I got positive comments on my pacing and characters, but Harlequin’s editor thought the subject was too touchy in today’s climate.

I’ve decided to write the story anyway, but I’ve relocated it to Florida where I live. I’d love some feedback. Is the topic too sensitive? Would you read this book? Please leave me your comments.

And if you want to find out how my fellow authors fared in contests, go here.

 

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My own personal book club (#MFRWAuthor)

Published February 9, 2018 by francesothomas

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This week’s blog topic is what five authors dead or alive I’d like to meet.

The first is easy. I’d love hanging out with Janet Evanovich. I have read all of her Plum novels and belly-laughed at every one. Imagine sitting down with her over a glass or three of wine and finding out if Ranger is based on a real person. She lives only a couple hours away from me, so this can easily be arranged if you’re listening, Janet.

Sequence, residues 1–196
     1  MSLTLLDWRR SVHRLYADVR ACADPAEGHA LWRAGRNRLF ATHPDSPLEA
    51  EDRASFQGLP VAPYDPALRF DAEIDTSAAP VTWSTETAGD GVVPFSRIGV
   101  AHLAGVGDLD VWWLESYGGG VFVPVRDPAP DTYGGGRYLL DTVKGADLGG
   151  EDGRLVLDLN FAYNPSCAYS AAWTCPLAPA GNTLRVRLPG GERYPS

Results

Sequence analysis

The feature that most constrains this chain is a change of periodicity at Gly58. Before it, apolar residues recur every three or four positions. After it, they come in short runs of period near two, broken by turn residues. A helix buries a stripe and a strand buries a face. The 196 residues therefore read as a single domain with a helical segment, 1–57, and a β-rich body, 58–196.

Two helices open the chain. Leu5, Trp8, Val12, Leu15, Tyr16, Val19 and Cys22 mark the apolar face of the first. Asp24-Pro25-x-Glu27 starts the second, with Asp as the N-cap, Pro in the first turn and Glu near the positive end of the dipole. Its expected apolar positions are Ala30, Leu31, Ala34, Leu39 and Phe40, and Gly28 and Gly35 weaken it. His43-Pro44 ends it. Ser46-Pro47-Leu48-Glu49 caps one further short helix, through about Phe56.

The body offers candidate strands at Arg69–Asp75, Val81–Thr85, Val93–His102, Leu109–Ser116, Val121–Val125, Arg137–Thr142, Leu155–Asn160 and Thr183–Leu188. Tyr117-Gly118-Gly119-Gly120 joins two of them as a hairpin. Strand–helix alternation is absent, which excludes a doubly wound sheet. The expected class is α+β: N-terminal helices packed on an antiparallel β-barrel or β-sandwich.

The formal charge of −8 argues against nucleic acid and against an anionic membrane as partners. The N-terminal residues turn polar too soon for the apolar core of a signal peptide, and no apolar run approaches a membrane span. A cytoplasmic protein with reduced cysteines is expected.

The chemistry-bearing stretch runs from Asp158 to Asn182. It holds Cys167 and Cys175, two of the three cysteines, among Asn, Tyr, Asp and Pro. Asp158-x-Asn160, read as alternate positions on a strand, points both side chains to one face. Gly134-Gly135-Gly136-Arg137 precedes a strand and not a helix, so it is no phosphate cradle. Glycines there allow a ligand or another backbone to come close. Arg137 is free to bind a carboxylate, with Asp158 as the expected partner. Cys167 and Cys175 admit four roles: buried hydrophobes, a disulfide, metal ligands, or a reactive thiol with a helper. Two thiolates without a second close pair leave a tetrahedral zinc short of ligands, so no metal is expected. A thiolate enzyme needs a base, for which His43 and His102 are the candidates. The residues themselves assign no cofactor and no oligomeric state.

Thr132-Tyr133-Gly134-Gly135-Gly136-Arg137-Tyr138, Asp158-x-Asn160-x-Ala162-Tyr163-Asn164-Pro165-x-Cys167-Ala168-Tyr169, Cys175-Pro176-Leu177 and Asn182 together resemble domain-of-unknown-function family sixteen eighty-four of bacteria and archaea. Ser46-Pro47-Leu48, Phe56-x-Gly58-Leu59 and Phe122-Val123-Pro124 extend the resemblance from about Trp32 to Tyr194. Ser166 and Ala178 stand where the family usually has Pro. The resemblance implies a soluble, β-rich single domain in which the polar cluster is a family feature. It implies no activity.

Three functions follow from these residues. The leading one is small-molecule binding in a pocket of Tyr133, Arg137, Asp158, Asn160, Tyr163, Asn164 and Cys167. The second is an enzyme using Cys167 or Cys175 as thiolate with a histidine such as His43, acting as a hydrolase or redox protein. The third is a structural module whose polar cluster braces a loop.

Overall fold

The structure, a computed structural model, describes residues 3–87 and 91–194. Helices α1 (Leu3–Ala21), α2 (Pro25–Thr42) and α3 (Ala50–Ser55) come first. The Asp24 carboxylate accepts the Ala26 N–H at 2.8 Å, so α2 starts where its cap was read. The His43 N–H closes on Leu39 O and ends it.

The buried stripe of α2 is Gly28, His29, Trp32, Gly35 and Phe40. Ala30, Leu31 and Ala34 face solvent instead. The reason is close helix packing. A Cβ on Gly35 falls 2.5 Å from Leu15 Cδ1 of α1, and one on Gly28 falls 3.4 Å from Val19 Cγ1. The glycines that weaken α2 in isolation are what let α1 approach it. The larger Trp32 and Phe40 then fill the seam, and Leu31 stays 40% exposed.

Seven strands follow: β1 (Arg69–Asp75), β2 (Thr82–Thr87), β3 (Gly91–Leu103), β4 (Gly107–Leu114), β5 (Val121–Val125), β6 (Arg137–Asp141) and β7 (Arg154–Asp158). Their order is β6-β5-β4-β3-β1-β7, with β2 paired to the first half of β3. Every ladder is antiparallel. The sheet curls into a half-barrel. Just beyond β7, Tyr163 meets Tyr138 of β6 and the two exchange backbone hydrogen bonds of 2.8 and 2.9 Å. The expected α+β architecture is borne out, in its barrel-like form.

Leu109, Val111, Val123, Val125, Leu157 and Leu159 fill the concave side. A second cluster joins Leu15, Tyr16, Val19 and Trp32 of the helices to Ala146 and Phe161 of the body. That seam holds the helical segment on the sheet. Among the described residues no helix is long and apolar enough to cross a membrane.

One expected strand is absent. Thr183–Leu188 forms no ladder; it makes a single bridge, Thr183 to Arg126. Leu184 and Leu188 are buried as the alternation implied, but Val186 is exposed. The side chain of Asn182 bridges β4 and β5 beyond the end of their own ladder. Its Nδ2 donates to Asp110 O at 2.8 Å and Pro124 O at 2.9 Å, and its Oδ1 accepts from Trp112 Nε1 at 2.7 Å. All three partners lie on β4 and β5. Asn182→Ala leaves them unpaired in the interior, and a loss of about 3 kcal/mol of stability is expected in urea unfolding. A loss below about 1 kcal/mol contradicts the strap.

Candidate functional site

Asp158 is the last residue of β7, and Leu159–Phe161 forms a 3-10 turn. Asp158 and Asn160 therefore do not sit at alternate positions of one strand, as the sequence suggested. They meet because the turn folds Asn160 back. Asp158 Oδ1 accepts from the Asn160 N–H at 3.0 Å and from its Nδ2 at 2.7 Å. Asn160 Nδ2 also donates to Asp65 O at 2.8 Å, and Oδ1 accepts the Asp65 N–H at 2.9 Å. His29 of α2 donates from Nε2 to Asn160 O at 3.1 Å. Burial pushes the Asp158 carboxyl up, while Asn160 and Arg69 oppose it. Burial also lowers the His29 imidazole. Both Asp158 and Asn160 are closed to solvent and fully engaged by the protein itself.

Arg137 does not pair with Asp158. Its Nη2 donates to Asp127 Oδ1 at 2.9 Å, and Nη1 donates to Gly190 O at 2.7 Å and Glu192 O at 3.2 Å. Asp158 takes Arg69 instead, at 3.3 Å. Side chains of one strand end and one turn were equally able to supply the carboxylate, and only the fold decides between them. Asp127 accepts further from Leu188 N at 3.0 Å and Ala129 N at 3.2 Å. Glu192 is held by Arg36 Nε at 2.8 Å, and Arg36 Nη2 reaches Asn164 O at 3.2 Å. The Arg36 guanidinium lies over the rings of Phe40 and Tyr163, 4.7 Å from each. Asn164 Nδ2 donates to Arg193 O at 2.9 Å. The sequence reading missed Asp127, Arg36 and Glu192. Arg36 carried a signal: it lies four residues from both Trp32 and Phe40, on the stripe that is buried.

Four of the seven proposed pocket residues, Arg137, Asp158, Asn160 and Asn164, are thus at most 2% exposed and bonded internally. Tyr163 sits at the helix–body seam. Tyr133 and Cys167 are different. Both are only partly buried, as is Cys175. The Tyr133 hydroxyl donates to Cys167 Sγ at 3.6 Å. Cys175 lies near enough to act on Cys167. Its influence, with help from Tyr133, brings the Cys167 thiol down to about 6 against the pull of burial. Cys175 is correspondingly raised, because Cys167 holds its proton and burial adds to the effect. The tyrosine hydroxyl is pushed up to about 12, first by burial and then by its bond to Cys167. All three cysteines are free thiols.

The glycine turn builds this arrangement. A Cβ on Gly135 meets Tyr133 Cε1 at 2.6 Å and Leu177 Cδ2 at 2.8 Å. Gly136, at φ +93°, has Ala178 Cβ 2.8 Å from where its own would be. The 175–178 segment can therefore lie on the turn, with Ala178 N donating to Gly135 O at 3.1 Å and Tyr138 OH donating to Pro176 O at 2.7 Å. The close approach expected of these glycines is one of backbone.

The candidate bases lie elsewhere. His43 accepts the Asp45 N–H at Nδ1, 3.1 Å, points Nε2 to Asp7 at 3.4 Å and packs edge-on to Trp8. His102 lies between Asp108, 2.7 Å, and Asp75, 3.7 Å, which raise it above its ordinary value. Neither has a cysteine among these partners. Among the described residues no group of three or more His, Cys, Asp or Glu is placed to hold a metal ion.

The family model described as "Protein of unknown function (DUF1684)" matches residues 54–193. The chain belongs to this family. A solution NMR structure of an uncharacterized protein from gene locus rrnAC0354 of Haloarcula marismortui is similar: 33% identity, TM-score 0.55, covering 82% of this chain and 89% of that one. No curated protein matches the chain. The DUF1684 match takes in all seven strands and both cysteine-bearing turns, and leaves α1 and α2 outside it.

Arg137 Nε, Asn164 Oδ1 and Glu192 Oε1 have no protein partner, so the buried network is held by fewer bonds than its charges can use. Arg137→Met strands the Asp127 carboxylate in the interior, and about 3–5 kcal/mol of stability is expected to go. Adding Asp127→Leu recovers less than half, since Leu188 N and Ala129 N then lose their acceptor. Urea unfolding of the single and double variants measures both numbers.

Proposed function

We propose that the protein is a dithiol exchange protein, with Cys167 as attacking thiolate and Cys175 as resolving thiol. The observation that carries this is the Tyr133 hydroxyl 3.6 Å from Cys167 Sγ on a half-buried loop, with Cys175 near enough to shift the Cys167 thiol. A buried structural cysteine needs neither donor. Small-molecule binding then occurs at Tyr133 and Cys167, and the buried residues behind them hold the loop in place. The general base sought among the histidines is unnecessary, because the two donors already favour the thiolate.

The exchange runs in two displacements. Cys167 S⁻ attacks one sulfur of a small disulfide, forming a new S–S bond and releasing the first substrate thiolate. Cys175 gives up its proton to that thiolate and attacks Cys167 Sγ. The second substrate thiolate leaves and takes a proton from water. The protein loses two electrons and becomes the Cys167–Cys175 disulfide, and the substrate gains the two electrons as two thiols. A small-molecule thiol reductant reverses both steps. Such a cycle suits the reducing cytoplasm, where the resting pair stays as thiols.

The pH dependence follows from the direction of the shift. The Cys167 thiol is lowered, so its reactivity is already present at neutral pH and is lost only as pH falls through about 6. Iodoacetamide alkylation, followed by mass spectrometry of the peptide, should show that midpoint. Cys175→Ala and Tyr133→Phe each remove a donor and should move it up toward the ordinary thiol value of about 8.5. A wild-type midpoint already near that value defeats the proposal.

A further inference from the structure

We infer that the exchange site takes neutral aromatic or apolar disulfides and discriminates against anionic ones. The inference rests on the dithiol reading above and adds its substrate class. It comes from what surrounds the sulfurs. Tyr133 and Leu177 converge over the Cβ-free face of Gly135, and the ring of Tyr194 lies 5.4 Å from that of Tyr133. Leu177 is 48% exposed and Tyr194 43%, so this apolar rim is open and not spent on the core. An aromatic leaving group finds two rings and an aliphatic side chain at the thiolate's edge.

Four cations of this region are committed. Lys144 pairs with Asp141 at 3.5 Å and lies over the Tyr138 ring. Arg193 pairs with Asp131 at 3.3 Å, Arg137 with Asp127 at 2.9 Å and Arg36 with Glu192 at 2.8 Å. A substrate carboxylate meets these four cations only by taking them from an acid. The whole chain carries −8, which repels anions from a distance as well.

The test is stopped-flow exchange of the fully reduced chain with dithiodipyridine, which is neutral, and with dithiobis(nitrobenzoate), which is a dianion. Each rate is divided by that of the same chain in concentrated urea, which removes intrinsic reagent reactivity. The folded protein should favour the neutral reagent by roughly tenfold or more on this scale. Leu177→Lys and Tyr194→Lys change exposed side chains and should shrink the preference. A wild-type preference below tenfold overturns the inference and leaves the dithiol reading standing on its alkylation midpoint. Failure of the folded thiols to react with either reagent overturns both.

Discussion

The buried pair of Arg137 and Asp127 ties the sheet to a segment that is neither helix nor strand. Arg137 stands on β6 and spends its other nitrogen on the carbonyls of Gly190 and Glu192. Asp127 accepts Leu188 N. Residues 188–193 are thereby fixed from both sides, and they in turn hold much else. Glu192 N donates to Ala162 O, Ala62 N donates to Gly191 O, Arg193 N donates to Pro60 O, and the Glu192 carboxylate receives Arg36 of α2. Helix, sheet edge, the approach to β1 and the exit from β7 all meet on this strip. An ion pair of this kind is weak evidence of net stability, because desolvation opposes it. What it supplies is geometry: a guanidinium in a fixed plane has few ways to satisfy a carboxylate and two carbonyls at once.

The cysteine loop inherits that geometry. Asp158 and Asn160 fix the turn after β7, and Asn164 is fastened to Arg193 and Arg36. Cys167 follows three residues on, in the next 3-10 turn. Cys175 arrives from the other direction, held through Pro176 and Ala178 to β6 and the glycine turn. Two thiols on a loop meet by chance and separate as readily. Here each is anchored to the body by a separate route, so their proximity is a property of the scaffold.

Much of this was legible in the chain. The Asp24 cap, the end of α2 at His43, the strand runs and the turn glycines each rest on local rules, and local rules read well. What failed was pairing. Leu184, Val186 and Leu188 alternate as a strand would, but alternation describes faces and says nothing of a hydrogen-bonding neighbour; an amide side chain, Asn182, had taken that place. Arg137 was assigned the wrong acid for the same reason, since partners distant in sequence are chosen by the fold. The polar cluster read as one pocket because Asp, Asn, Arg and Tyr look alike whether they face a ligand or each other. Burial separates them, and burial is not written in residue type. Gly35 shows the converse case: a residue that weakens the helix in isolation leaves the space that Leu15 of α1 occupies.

My next choice is Eloisa James. What fun it would be to talk about how her university students react to her as both a Shakespearean scholar and a romance author. I was an adjunct professor briefly myself, and I’m sure we’d have lots of stories to share.

That brings me to number three. Shakespeare himself. Am I stretching the rules to include a playwright? If so, I don’t care. How brilliant he was to have written so much that is just as valid today as it was centuries ago. What a wit, and what a student of human nature.

Since I’m rule-bending, for number four I’d pick Stephen Sondheim. I love his music, largely because of his erudite lyrics filled with astonishing rhymes. “What makes him look reptilian is the brilliantine.” C’mon. Who wouldn’t want to have written that line?